Wednesday, July 30
It's a challenge being a Williams

WIMBLEDON, England -- Until yesterday, Venus Williams looked like the sister to beat in Saturday's final. All the questions about her game were answered as confidence once again sprouted on grass.

But just as quickly as it came ... it went.

Venus and Serena Williams
Venus and Serena Williams are more comfortable being on the same side of the court than on opposite sides of the net.

Injury stole Venus' edge as she aggravated an abdominal muscle tear in her emotional semifinal win over Kim Clijsters. And although she said afterwards that she planned to hit a few balls Friday, Venus skipped her scheduled practice on the eve of her Wimbledon final match against younger sister Serena.

"I've had treatment with my trainer (Kerrie Brooks) at home, and I'm feeling better," Venus said in a statement released through the WTA.

Serena practiced earlier. No more joint practices at this point.

For the past six Grand Slam tournaments, it's been the younger sister who looked tough out there. Showed desire. Fought with passion. But in the semifinals, Venus showed that she wants it enough to play through pain. Wants it enough not to give up.

"As a rule," Venus said afterward, "I never play with pain. I generally retire immediately. I've never been taught to play with pain. My parents always told us to put the racket in the bag, go off the court.

"I just felt this time -- I just wanted to win, basically."

She hasn't won a major title since the 2001 U.S. Open, losing four of the past five Grand Slam tournament finals to her little sister.

The question has come up whether she needs a new coach -- one who isn't a parent, one who can give her undivided attention. Serena dismissed the idea that they should train separately.

"As far as separate and get a different coach, I wouldn't change anything that's been working," Serena said. "I think in this tournament Venus has been playing the best. I've watched her match and I've had to raise my level of play to be able to, I think, compete with her."

It's how it always used to be.

Venus doing something first and Serena answering the challenge. It was Venus who reminded her sister to curtsey after winning the title here last year. It was Venus who told Serena how to defend a title -- to think of it as only winning another major final and not a defense.

But now that the little sister is the No. 1 player in the world, is the big sister learning anything from Serena? Venus didn't exactly say she has.

"Serena just always had the better shot last year, no matter who she was playing," Venus said. "She always had the right answer. She definitely was very motivated to do well and to win, and that's really what it takes."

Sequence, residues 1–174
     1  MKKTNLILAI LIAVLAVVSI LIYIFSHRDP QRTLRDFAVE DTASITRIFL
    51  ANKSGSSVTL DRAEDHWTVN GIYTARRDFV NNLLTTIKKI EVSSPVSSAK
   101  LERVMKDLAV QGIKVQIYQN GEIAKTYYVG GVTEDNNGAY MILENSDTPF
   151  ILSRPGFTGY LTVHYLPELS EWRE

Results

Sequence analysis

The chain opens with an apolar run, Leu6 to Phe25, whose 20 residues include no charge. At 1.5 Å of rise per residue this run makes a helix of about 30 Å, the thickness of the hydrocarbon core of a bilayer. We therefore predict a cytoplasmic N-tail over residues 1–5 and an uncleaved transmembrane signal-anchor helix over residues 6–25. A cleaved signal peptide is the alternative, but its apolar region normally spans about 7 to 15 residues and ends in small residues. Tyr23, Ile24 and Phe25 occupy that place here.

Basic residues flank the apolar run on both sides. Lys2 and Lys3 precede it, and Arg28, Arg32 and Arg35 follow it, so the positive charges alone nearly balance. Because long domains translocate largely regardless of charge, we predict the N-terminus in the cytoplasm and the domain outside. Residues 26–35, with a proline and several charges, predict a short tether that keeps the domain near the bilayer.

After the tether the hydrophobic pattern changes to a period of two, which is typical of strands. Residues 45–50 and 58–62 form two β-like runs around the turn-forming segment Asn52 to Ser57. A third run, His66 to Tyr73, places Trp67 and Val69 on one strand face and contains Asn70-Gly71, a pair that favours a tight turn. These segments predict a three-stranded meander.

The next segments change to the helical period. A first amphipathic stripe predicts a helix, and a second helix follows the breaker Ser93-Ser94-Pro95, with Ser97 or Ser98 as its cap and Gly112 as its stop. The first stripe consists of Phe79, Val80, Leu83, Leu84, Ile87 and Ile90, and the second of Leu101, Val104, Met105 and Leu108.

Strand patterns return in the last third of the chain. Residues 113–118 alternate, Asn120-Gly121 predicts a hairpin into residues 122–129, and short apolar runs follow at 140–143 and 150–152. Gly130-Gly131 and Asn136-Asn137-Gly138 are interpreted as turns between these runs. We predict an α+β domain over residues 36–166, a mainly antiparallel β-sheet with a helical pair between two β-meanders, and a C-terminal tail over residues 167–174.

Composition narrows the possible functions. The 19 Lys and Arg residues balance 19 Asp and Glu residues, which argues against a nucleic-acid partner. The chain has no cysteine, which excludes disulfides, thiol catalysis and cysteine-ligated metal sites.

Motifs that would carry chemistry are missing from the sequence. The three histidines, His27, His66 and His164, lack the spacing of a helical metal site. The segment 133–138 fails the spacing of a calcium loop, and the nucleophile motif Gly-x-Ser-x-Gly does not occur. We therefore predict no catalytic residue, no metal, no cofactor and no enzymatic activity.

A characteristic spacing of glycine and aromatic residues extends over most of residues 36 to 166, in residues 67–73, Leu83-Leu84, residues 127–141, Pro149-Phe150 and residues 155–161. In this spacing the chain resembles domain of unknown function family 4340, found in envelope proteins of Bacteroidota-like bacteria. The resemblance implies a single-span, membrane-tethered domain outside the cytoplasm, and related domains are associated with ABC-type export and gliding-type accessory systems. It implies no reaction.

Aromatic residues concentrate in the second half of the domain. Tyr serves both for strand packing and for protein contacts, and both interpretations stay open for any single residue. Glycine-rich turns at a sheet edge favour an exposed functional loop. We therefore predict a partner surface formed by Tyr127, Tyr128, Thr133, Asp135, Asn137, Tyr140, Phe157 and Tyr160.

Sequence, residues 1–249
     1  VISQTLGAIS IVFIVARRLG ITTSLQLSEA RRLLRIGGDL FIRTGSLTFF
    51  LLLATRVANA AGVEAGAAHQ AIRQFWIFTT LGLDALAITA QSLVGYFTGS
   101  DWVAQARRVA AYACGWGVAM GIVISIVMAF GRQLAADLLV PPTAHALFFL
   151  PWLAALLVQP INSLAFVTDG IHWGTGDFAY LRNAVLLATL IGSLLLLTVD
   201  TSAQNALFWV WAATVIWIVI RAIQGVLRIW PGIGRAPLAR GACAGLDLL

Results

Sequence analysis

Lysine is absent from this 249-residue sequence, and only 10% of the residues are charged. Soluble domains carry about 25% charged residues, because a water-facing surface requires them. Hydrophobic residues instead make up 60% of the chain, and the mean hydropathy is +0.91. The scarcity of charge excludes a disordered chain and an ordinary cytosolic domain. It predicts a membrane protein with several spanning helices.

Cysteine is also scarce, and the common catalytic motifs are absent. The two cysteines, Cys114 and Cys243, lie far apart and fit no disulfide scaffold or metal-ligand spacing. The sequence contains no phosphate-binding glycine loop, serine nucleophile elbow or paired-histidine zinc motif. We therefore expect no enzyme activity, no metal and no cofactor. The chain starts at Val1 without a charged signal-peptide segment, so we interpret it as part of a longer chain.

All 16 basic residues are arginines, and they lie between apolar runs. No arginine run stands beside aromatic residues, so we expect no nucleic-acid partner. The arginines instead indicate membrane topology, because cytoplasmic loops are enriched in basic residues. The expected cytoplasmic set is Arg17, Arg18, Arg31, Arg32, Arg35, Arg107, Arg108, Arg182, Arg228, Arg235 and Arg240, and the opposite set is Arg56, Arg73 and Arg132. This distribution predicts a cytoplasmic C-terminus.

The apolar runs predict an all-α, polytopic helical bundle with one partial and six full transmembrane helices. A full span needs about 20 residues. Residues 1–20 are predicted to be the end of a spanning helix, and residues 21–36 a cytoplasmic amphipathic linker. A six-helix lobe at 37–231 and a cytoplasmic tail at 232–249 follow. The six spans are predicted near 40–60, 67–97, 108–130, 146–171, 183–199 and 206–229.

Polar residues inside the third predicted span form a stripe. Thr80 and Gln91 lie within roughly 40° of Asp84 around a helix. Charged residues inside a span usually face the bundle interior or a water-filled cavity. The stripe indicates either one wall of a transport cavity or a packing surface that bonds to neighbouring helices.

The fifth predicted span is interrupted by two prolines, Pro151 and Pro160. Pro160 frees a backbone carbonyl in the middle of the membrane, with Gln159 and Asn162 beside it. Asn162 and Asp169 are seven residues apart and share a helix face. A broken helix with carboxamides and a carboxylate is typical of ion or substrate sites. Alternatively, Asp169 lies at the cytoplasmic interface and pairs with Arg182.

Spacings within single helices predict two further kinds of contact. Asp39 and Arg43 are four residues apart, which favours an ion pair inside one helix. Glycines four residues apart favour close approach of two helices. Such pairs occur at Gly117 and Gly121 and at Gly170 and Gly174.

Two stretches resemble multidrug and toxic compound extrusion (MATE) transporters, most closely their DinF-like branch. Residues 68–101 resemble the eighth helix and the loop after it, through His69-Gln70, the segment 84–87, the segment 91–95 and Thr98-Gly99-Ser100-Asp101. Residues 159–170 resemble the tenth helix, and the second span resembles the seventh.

Venus' motivation has come into question -- a lot -- but more than anything, she wants tennis to be fun again.

"I think the important thing is, for sure, to enjoy it more, to enjoy the tennis more," she said earlier this week. "If it comes to be something about winning and that kind of thing, I don't think it works out well. For myself, if I'm enjoying the tennis and of course winning at the same time, it's a perfect combination."

In the semifinals, though, she learned she could win even when it wasn't fun. She could win when tennis was a pain, not a joy. That might just be the key for her future.

"After a while, I decided, you know, 'If I'm gonna be out here, I'm gonna still serve big,'" Venus said. "At times I did serve slower than I usually do, but I really wanted to just do everything I could do at that point."

It will be even more difficult to play Serena with an injury. Not to mention the respect Serena gives Venus. Serena plans to bring her best in order to successfully defend a major title for the first time.

"She's played extremely well throughout the two weeks," Serena said. "If I'm going to beat Venus tomorrow, I'm going to have to serve and return really well and get as many balls back as possible because Venus runs a lot of balls down. I can't afford to be 70-80 percent. If I'm not 100 percent, it is going to be hard for me to win."

Even if both players are feeling their best, there are still the intangibles of facing your sister across the net.

"It's not easy for me to play someone I care so much about," Serena said.

For something they both want so much.

"It will be great to defend a Grand Slam title for the first time," Serena said. "I've always loved to make history and I want to be among the few people who have achieved this feat."

"It would be a very special feeling," Venus said, "to hold that trophy again because Wimbledon is very dear to me. It's a special place. It's where I won my first Grand Slam and I admire the history and the tradition of The Championships."

More history awaits.

Cynthia Faulkner is the tennis editor for